Table II sets forth operating instructions for a typical hand-held two-way communication device using the features of the invention.
______________________________________ Setting Time (sec)______________________________________ 0 0.8 1 1.3 2 1.8 3 2.3 4 2.8 5 3.3 6 3.8 7 4.3______________________________________ ##SPC4##
______________________________________ Setting Time (sec)______________________________________ 0 0.8 1 1.3 2 1.8 3 2.3 4 2.8 5 3.3 6 3.8 7 4.3______________________________________ ##SPC5##
Portions or the source code for performing the functions of a sensor for the control of a liquid supply unit according to the second embodiment follows.
Portions of the source code for the procedure which actually performs the functions of a sensor for the control of a liquid supply unit. Due to the formatting requirements of patent applications, some portions of this and other portions of source code provided herein contain or may contain statements which are wrapped across more than one line (and hence would need to be restored to single-line format, or appropriate leaders inserted before being loaded for execution); but those skilled in the art will readily recognize these instances, and can readily correct them to produce formally perfect code. ##SPC6##
The Impulse sensor is a battery powered, micro controller based circuit that makes use of infrared light to detect the presence of an individual in front of a water closet or urinal. Once an individual using the facility has been detected for a few seconds, the circuit will wait until the person leaves and then automatically operate an electric solenoid valve to flush the water closet or urinal.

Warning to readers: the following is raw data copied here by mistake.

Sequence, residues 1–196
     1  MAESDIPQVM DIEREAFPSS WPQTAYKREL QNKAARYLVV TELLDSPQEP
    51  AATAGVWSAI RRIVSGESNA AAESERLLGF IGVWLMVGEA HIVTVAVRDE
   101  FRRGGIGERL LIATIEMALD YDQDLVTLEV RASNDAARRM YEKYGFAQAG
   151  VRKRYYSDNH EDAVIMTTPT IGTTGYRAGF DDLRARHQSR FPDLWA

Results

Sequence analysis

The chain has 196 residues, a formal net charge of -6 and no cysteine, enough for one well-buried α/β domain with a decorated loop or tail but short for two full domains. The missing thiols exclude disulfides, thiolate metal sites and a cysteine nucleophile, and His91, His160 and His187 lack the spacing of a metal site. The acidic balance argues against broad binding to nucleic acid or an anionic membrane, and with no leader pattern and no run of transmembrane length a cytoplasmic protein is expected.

The Impulse sensor circuit, further detailed in the block diagram FIG. 10 and schematic diagram FIG. 11 uses infrared light emitting diodes (IRLED's) to send out pulses of light energy. The amount of energy is controlled by a current regulating circuit so that the output power of the IRLEDs remains constant throughout the life of the battery. This infrared light is reflected off of an individual or object back to the Impulse sensor where it strikes a photo diode that is especially sensitive to light in the infrared area of the spectrum. The current that develops across this photo diode is amplified by several stages of operational amplifiers (OP-AMPS). The train of pulses created through this amplification is recognized by the micro controller as the presence of an individual or object. The distance at which an object can be detected is controlled in the final stage of the amplifiers. A digital potentiometer in the circuit outputs a voltage that is used to determine the amplitude of the reflected signal. This setting, or "range", can be set by the installer of the device by adjusting a single turn potentiometer located inside the Impulse unit. Usable range of the unit can be from twelve to fifty-two inches. The amount of time that the Impulse unit will operate the solenoid is determined by setting a binary coded decimal switch that is connected to the inputs of the micro controller. Flush times can be varied from eight hundred milliseconds to two and one half seconds. The six volt lithium battery provides reliable operation through tens of thousands of flushes. Normal operation includes a sentinel flush every twenty-four hours for sanitary purposes. A visible light on the front of the Impulse unit will illuminate once the micro controller has detected that the battery level has dropped to a point that the battery should be replaced.